Mandatory Minimums: A National Injustice
Mandatory minimum drug sentencing is legislation passed by Congress in
1986 to create harsher punishments for drug offenders. These laws were
created at a time when drug use was beginning to rise dramatically.
This type of sentencing was meant to impose harsh, excessive sentences
on any type of drug offense, despite other circumstances. While these
laws seem good in theory, they were not well thought out. The creators
and supporters did not consider the negative consequences of these
strict laws. The injustices of federal mandatory minimum sentences
have been present for years in the United States justice system. These
laws are costly, unjust and excessive in our society.
First, the most obvious effect of mandatory minimums is what it costs
our nation financially. The sentences of drug offenders are now
extremely long, and keeping large numbers of people in jail for long
amounts of time is very costly. The U.S. taxpayers are the ones
suffering because they are the ones that are forced to pay for these
The cost of keeping just one person in prison is incredible. The cost
of imprisoning just one person is on average 23,000 dollars per year.
It is less expensive to put someone through college for four years
than it is to incarcerate someone for four years. The amount of U.S.
tax dollars going towards prison costs is growing faster than all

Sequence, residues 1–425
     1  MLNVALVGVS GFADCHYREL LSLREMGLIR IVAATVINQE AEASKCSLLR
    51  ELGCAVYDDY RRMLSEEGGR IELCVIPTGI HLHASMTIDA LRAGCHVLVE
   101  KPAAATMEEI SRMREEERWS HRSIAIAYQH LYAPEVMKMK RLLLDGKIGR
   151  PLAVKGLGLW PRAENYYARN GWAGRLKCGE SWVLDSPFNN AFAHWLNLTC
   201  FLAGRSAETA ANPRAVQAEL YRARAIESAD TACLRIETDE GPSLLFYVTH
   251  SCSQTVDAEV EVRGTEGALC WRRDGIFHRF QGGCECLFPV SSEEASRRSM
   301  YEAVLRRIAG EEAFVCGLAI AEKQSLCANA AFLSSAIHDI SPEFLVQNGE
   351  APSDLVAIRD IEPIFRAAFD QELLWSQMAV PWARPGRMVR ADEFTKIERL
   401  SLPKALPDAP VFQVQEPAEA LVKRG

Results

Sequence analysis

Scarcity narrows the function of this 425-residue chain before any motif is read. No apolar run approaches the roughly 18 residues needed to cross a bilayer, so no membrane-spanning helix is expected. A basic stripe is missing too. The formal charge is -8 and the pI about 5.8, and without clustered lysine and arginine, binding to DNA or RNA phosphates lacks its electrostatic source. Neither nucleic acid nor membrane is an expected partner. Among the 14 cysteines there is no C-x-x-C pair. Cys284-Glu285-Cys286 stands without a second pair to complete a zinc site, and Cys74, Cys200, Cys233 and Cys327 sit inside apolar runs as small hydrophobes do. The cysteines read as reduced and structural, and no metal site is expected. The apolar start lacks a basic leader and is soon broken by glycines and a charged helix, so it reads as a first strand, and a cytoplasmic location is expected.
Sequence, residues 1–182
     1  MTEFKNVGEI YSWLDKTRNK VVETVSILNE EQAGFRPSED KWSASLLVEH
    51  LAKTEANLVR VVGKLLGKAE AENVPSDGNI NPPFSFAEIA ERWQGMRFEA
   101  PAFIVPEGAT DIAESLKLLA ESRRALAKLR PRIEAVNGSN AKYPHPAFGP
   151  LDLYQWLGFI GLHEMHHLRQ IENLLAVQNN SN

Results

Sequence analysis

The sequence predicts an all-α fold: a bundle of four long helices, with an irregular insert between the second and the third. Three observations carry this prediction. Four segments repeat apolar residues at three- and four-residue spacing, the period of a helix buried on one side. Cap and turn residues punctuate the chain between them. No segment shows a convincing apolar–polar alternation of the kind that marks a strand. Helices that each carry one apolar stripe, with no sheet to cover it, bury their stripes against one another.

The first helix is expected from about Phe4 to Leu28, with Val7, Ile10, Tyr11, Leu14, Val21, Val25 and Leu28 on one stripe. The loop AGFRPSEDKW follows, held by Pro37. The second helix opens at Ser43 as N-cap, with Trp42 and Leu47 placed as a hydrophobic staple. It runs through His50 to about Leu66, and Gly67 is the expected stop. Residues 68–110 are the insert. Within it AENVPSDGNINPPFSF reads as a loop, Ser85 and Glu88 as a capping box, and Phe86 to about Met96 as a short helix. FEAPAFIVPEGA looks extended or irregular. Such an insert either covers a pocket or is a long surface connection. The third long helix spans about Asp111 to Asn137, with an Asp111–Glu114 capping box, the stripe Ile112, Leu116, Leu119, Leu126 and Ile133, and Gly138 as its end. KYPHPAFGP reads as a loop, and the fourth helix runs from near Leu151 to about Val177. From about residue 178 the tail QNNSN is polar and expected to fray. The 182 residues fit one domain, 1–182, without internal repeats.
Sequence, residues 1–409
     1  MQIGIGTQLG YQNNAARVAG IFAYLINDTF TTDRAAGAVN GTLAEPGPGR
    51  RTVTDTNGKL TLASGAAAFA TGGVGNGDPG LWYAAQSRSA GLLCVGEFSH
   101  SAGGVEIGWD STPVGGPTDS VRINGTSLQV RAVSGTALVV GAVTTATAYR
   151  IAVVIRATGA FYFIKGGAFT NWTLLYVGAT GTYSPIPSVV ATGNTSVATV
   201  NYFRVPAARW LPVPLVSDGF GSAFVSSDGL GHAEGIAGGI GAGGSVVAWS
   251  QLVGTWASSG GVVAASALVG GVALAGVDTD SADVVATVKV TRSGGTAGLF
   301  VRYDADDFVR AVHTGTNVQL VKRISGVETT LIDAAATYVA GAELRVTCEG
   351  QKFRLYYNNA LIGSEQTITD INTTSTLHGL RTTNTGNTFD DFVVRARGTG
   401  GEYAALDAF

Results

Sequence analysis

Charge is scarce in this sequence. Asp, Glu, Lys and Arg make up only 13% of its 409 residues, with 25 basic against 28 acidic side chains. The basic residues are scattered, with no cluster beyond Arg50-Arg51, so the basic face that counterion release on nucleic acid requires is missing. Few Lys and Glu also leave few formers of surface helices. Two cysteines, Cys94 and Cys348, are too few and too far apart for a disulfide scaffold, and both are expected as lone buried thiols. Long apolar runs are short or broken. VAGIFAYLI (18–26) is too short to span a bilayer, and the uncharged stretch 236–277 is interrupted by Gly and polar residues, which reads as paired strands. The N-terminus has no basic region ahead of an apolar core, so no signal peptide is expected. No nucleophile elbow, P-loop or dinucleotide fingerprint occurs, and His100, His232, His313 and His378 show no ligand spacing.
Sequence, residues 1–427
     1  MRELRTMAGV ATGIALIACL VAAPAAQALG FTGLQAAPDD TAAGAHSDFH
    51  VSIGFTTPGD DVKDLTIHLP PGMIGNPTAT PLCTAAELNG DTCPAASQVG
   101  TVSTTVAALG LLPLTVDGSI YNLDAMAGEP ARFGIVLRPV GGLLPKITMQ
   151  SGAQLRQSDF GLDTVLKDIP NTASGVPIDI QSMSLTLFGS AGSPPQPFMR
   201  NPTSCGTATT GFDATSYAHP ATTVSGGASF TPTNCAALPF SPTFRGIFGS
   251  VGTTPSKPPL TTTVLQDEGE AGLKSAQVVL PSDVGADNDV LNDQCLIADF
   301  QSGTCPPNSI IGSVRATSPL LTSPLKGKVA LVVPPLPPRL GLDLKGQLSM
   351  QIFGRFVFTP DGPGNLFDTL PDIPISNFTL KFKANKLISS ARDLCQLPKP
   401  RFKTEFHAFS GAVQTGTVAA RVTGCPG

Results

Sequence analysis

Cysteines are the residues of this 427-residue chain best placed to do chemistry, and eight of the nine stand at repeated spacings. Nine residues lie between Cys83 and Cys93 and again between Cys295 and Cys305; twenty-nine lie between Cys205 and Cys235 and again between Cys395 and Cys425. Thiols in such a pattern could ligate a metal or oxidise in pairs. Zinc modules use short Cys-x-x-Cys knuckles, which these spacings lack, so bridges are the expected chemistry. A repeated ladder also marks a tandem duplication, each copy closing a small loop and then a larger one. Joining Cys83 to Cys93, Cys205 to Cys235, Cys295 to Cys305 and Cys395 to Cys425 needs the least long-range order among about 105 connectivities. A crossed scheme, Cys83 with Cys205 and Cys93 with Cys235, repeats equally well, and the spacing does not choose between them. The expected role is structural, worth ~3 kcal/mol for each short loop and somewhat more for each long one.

other federal funding. Everyday 4.14 million dollars of U.S. taxpayer
money goes towards federal prisons and 1.51 billion dollars annually
(Cruel). These costs are continually and dramatically increasing. From
1986, when mandatory minimums were started, to 1997 the Federal Bureau
of Prisons budget increased by over 1350%, from 220 million dollars to
3.19 billion dollars (Drug). The population in prisons has radically
increased. From 1980 to 1999 the prison population has tripled. As
Eric Schlosser notes, “California alone holds more inmates in its
jails and prisons than do France, Great Britain, Germany, Japan,
Singapore, and the Netherlands combined,” (qtd in Easterbrook 57).
This, along with the excessive prison terms, has contributed to the
rise in the Federal Prison budget.
Mandatory minimums are the most costly and least effective way to cut
down on the use of drugs (Greider 12). While mandatory sentencing may
seem like the best way at first, in the long run money would be better
spent on standard sentencing and treatment programs. Mandatory
minimums are more expensive, predominately because of the high costs
of incarceration (Study). Rand’s Drug Policy Research Center performed
a study on the best cost effective way to reduce drug use. Their
results showed that every 1 million dollars spent on mandatory minimum
sentencing helps to reduce cocaine consumption by 13 kilograms....